Zero-Day Vulnerability

KZero Staff
Oct 19, 2023

A zero-day vulnerability is an undisclosed software vulnerability that vendors or the general public are unaware of. It can prove to be a severe cybersecurity risk since no patch is available to fix the vulnerability, and cybercriminals can exploit it to gain unauthorized access to systems and data. Although anyone can uncover zero-day vulnerabilities, more often, cybercriminals will discover them first and use them for malicious reasons. These vulnerabilities are common in operating systems, web browsers, application software, and firmware.

Examples of Zero-Day Vulnerabilities

Common examples of zero-day vulnerabilities include:

  • RCE vulnerability – RCL or remote code execution vulnerabilities are when cybercriminals carry out remotely an arbitrary code on a target system.
  • SQL vulnerability – This vulnerability allows attackers to inject malicious SQL code into database queries, which can result in stolen data.
  • XSS vulnerability – Cross-site scripting or XSS vulnerability is when cybercriminals inject malicious code into web pages.
  • Buffer overflow vulnerability – This is when a program attempts to write more data to a buffer than it can hold, allowing cybercriminals to execute arbitrary code on the target system.

Examples of Well-known Zero-Day Attacks

Here are some examples of prominent zero-day exploit cyberattacks:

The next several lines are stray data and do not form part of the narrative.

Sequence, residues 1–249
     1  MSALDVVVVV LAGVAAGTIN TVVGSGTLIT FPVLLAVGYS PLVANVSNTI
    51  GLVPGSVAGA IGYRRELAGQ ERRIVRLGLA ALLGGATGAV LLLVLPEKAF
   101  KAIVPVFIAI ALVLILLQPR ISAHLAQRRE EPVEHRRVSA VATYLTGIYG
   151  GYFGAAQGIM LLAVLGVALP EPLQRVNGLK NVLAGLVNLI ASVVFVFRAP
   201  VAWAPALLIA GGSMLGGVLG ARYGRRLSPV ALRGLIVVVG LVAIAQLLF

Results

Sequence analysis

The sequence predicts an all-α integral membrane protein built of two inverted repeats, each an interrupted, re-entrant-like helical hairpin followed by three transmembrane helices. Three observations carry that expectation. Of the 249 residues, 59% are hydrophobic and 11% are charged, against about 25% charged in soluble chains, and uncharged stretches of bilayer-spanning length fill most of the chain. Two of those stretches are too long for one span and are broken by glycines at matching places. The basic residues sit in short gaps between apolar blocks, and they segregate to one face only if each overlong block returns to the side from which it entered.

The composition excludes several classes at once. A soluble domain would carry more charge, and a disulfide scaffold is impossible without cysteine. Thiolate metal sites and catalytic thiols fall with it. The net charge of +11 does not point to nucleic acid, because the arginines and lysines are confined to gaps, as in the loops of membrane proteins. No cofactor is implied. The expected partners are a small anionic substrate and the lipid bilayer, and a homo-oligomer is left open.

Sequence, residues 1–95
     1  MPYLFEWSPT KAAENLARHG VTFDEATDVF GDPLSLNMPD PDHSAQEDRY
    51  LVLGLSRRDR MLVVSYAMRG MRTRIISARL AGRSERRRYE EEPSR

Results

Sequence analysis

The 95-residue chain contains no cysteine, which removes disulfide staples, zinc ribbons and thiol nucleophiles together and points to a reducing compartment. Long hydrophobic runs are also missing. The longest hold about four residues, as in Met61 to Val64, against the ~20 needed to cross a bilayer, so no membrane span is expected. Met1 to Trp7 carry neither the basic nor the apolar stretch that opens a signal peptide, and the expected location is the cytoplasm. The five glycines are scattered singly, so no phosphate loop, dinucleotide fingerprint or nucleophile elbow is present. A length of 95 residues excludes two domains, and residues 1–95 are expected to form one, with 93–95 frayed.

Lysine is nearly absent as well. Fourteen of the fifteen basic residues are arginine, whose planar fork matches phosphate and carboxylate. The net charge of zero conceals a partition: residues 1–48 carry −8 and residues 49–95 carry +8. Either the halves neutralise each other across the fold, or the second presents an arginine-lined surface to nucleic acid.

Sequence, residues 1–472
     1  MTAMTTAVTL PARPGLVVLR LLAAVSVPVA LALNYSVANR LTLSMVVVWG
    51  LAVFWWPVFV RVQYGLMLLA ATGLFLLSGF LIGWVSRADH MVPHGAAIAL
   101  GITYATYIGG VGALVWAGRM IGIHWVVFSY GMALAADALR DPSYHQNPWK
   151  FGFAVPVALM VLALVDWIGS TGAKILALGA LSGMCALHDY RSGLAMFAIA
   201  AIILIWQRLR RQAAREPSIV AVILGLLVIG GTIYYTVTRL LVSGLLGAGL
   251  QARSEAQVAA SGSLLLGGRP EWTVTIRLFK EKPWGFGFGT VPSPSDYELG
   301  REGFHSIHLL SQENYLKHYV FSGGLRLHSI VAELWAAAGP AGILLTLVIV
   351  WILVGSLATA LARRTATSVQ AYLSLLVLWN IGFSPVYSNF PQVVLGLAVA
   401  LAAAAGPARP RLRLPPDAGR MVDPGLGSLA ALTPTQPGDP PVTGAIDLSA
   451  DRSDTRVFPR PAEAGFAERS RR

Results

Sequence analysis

• Log4j – In 2021, attackers exploited a vulnerability that allowed them to execute arbitrary code on vulnerable servers. Ransomware gangs and state-sponsored actors are reported to have used this vulnerability.
  • Stuxnet – In 2010, Stuxnet targeted Iran’s nuclear program, exploiting some zero-day vulnerabilities in Microsoft Windows and Siemens industrial control systems to gain access to and sabotage Iran’s nuclear centrifuges.

How to Protect Yourself from Zero-Day Attacks

Zero-day attacks can be destructive since no update is available to fix the vulnerabilities. However, below are some ways in which you can protect yourself from them:

  • Update software – Keep your web browser and operating system up to date, as this protects your data and network against known cyber vulnerabilities.
  • Exert caution – Be weary of suspicious links, images, URLs, or websites because they can contain malware. Zero-day exploits are often delivered via phishing emails.
  • Protect yourself – Use a security solution that includes zero-day protection, including web filtering and virus protection, that prevents malicious activity from infecting your computer, and a firewall.
KZero Staff

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